A necktie, or simply a tie, is a piece of cloth for decorative purposes around the neck, resting under the shirt collar and knotted at the throat, and often draped down the chest.
Variants include the ascot, bow, bolo, zipper tie, cravat, and knit.
The modern necktie, ascot, and bow tie are descended from the cravat. Neckties are generally unsized, but may be available in a longer size.
There are four main knots used to knot neckties. In rising order of difficulty, they are:
• the four-in-hand knot. The four-in-hand knot may be the most common.
• the Pratt knot (the Shelby knot)
• the half-Windsor knot
• the Windsor knot (also redundantly called the “full Windsor” and the “Double Windsor”).
The necktie that spread from Europe traces back to Croatian mercenaries serving in France during the Thirty Years’ War (1618–1648). These mercenaries from the Military Frontier, wearing their traditional small, knotted neckerchiefs, aroused the interest of the Parisians. Because of the difference between the Croatian word for Croats, Hrvati, and the French word, Croates, the garment gained the name cravat (cravate in French).
The boy-king Louis XIV began wearing a lace cravat around 1646, when he was seven, and set the fashion for French nobility. This new article of clothing started a fashion craze in Europe – both men and women wore pieces of fabric around their necks. From its introduction by the French king, men wore lace cravats, or jabots, that took a large amount of time and effort to arrange. These cravats were often tied in place by cravat strings, arranged neatly and tied in a bow.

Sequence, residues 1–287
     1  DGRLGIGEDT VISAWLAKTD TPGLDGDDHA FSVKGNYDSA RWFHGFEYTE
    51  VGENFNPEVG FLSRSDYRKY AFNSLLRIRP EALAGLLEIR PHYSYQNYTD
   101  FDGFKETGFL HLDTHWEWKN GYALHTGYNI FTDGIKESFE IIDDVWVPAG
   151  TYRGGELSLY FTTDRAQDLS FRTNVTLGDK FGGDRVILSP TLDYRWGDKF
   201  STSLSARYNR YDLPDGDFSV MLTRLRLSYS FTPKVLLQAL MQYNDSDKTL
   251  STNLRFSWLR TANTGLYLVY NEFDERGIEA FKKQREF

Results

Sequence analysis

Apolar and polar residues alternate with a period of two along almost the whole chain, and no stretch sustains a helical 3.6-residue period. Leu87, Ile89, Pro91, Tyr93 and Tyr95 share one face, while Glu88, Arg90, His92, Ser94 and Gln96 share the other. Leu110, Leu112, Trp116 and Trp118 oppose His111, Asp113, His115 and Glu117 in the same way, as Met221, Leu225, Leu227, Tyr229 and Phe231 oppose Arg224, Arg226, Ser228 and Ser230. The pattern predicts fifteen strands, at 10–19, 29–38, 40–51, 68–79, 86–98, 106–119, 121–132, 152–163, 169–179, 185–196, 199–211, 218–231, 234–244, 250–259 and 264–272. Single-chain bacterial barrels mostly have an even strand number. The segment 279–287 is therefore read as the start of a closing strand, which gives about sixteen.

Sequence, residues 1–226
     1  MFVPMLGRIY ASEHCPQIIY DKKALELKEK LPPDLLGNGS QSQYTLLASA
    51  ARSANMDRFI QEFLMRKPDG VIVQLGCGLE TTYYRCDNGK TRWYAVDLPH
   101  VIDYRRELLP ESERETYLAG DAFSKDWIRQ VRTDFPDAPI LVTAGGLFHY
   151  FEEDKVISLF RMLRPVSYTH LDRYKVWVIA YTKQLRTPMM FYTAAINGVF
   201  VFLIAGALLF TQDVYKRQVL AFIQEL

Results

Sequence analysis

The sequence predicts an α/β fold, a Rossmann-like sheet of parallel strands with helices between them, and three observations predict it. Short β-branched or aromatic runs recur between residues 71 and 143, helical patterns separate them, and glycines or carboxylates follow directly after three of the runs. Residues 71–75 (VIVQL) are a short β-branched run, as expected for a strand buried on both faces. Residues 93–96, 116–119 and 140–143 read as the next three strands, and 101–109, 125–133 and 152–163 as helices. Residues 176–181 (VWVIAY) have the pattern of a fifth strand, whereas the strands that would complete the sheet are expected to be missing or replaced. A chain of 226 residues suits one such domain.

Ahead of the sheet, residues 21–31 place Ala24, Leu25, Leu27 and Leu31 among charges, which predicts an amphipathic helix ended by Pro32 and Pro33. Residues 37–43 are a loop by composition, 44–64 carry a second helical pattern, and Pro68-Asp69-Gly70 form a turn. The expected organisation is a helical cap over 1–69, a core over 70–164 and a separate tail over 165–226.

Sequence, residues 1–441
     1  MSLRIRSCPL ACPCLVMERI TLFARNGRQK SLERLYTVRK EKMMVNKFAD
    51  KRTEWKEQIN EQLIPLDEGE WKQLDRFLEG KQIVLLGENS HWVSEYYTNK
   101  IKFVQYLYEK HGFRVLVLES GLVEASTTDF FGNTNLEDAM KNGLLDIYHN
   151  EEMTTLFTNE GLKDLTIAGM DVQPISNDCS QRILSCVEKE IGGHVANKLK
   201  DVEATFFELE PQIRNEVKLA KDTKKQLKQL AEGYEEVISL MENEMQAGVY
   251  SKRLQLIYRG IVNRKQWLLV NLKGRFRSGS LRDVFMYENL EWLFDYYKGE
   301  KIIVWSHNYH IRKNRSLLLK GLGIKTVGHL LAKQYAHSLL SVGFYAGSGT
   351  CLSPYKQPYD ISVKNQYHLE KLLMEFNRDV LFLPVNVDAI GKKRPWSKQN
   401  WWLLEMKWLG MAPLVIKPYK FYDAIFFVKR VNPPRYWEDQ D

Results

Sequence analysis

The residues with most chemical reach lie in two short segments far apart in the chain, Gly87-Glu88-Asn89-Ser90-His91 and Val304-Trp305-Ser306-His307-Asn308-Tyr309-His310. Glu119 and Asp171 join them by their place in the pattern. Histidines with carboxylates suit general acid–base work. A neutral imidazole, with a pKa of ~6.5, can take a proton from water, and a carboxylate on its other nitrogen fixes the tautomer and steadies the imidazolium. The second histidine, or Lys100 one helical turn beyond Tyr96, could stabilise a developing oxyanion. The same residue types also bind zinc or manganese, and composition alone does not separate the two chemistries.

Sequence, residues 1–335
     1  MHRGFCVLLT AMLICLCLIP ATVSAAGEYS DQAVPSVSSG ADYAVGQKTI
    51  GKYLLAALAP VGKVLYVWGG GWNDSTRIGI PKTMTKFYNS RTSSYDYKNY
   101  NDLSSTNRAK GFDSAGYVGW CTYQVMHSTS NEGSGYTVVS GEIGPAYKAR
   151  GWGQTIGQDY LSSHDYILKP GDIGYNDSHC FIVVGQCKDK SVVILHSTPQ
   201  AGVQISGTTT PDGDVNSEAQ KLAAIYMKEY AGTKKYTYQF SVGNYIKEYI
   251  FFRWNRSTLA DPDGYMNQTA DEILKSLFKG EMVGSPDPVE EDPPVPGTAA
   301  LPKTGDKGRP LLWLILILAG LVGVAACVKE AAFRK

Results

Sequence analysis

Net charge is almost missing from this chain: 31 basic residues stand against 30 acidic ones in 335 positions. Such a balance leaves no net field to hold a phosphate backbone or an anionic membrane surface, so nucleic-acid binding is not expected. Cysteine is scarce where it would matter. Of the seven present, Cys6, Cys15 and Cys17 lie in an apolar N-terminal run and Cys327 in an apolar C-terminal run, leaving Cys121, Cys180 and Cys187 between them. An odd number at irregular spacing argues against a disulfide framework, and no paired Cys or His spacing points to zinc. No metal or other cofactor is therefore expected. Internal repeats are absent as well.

The early cravats of the 17th century have little resemblance to today’s necktie, yet it was a style that stayed popular throughout Europe for over 200 years.
These early cravats were purely decorative pieces of cloth that were made from finest and most elaborately decorated fabrics. The looks of these early ties resemble more bowties rather than a modern necktie.
With the industrial revolution, more people wanted neckwear that was easy to put on, was comfortable, and would last an entire workday. Neckties were designed to be long, thin and easy to knot, without accidentally coming undone. This is the necktie design still worn by millions.